Monday, December 5, 2016

Mostra Trash

In the 90's (of the last century, of course), it worked like this: either you had a considerable budget to produce your movie, or your movie was “trash”. Digital technology was still practically science fiction. Filming required mastodonic equipment, rolls and rolls of negatives and heaps of money. Cinema was not for the mere mortals. Producing moving images was something for the likes of Moreira Salles. But, as always, there were the few maniacs who refused to accept this type of economic determination.

Without a penny in their pockets, a bunch of kids began making movies (!?) with VHS cameras. The cast was made up of friends. The editing Island? Two VCRs. The productions could never make it to the big screens. They were shown in underground screenings, dodgy infernos. And they were sold by mail. The results were laughable, but the "filmmakers" did not care. On the contrary, they revered this mockery of conventional cinema. What mattered most was kicking the bucket - after all, in their veins flowed audiovisual passion and ketchup blood. It was trash cinema, made in Brazil.

Trash, as the whole globalized world knows, means junk. It was also the title given to low budget films and involuntary humor. Ed Wood would be the Orson Welles of this film genre. There has always been controversy over the term. Could José Mojica Marins, Roger Corman and Mario Bava be considered trash? The fact is that the nickname just stuck to these amateur productions (in the best sense of the term). Little money and lots of invention. And, as the late Jairo Ferreira, used to say, “cinema is an invention.”

As it was, in 1999, completely immersed in the universe of alternative culture, I decided to create TRASH - Mostra Goiana de Vídeos Independentes -  Independent Videos Show of the City of Goiania (and, by tally, the first film festival of the State of Goiás). The idea was simple: to offer a platform for these combat and resistance productions, that were completely averse to the institutionalized audio-visual touch and feel. Transgression was the word. It was a success. At Centro Cultural Martim Cererê, the first TRASH took place, and the audience showed up, burring with joy to the anthological sessions. From them on, a lot of gooseberry has flowed under the bridge.

In the years that we have been able to hold the event (free, non-commercial and honorably dependent on the support of programs that incentivise culture) we received the most spectacular films and guests: Ivan Cardoso, Carlão Reichenbach, Paulo Sacramento and even Ze do Caixao – amongst other icons of imagery rebellion. In many ways, TRASH has contributed to the development of many (now well-known) professionals of the cinema scene of Goiás. On the other hand, as a genre, trash was gradually losing its appeal.
Understandably so.

That void that existed in 1999, between the moviemaking with money and broke moviemaking was blown into space. Digital technology has turned the world upside down in the last 17 years. Whereas before amateur movies had practically no display windows, now the internet is a limitless platform. Remember: in those gone, youtube was something as mind blowing as a coup d'état in 2016, or Trump becoming president of the U$A.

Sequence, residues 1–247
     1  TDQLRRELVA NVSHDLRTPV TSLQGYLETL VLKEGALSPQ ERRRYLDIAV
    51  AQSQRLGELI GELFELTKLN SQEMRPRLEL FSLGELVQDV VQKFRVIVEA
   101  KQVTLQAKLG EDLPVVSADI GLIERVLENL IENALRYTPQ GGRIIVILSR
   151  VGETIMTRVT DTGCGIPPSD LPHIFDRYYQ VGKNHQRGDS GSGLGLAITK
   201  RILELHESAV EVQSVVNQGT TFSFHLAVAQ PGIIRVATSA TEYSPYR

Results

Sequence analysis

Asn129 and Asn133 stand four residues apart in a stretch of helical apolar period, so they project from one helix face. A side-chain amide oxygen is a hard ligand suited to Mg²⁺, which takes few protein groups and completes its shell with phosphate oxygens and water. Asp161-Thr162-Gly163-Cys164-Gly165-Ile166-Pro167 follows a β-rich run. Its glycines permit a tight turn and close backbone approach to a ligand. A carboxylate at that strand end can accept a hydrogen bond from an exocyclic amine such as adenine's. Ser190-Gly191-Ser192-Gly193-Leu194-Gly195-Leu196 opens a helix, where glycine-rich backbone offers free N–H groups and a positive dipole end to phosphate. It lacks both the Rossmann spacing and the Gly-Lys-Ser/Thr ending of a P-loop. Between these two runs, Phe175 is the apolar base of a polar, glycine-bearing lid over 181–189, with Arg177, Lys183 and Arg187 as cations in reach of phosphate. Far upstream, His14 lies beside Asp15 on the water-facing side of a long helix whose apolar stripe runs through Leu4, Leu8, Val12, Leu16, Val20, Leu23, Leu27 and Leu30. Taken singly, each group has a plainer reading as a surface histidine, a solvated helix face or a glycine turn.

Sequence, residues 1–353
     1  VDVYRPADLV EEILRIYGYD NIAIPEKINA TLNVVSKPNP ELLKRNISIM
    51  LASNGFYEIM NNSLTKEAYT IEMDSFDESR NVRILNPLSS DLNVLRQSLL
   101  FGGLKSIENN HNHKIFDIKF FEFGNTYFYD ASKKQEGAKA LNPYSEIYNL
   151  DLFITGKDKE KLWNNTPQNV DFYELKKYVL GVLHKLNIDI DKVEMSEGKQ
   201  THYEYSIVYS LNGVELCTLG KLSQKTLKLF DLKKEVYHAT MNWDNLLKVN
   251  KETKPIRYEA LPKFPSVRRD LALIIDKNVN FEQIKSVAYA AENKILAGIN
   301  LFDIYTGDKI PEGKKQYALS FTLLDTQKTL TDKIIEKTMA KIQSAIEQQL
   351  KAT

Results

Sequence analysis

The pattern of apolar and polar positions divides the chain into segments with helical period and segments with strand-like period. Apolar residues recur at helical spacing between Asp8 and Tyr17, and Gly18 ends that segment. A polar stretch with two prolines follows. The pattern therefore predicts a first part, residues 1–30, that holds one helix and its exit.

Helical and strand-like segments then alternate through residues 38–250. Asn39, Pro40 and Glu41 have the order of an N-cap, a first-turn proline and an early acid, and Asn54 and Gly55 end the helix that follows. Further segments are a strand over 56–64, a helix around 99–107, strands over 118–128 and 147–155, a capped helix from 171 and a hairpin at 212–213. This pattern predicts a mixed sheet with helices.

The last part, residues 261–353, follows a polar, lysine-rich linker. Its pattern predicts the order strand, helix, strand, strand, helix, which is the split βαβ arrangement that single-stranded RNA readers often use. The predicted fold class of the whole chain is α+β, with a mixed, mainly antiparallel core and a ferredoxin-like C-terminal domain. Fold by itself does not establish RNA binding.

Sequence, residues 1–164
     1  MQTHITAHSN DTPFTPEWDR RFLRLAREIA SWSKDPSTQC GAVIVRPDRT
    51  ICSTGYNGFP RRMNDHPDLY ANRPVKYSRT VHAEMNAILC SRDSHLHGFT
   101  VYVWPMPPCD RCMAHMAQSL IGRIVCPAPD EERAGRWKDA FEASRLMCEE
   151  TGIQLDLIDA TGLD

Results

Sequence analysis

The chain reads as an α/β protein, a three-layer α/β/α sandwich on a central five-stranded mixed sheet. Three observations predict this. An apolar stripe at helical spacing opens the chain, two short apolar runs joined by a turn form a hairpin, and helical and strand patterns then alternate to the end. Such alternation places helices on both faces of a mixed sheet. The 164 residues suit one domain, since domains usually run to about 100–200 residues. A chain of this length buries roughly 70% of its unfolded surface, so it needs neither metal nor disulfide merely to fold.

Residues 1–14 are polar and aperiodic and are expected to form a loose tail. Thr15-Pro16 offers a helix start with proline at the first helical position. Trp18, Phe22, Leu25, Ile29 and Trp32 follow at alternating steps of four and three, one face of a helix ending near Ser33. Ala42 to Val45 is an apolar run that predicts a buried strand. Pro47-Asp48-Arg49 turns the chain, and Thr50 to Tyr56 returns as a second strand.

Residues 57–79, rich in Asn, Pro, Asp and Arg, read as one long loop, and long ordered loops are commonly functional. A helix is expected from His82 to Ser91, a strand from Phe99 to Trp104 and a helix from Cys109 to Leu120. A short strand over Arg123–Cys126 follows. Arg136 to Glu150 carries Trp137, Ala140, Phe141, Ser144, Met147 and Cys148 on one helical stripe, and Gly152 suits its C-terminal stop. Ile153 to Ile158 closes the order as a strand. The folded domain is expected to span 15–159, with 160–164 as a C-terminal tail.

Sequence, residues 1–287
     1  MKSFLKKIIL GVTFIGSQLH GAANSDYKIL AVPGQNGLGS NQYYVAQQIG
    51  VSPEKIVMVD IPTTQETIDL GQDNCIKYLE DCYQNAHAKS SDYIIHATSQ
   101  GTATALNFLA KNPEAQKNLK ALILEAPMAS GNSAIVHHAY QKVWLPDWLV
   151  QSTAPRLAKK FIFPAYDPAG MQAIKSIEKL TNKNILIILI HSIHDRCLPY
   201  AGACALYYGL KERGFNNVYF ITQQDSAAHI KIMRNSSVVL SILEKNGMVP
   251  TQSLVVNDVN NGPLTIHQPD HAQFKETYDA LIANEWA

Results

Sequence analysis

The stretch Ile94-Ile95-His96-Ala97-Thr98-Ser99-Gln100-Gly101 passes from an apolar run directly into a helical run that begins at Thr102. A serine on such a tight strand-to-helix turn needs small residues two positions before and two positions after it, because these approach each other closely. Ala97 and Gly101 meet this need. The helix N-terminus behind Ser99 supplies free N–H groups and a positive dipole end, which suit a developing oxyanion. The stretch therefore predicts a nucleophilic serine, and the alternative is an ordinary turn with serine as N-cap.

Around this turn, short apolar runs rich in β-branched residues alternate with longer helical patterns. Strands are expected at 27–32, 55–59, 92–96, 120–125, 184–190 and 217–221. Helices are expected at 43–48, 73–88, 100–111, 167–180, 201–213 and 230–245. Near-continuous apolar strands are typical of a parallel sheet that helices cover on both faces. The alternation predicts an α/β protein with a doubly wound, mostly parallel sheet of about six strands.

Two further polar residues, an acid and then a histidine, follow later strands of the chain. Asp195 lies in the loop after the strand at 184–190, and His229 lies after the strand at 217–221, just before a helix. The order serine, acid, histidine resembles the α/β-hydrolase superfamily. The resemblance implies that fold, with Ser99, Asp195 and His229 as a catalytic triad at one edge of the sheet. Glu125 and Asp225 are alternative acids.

Digital video equipment was also a determining factor in this transformation. Today, the simplest of phones produces images infinitely superior to the best VHS cameras of the 90's. The result: making trash requires a concerted effort. Or it is done by those that are catastrophically devoid of talent - which is something interesting in itself. In its last editions, the emerging cinema of Goiás stopped submitting its works to the show, for fear of being misrepresented. Without understanding the charm and grace of the genre, a considerable portion of the audience eventually departed from the event. Trash became anachronistic and ended by dragging down TRASH together. Thus, time came to reinvent the oldest and most entertaining festival of the scene.

The main change was to adjust the focus of the show toward fantastic Cinema. With that, TRASH - which may even change its name in an upcoming issue - is now a festival dedicated to horror, science fiction and fantasy films. And more: it is now on an international scale.

Already, TRASH has overcome by far the most absurd expectations regarding the number of entries. There were 2,393 films registered, from the most diverse corners of the planet (111 countries, to be exact). And, in order to carry out an almost impossible task with honesty, curators Carlos Primati –the biggest authority on the horror genre in Brazil - , Beatriz Saldanha, Márcia Deretti and Márcio Jr. - had to create a series of beacons and filters - as well as transform themselves into  vampires, turning days into nights and nights into days, because of all the entries submitted.

From this bubbling cauldron, a total of 9 feature films and 46 short films were selected, to be screened between December 7 and 11, 2016, at Cine Cultura. And TRASH - International Fantastic Film Festival, does not stop there. Within the blood and gore menu, there will also be film and special effects studios and workshops, debates, round tables, parties, book and comics launches, as well as special guests.

Stay tuned for news and have no doubt: this TRASH will be terrifying. Let the haunting begin!

Márcio M. Da Paixão Jr. - Creator and curator of TRASH - International Fantastic Film Festival

No comments:

Post a Comment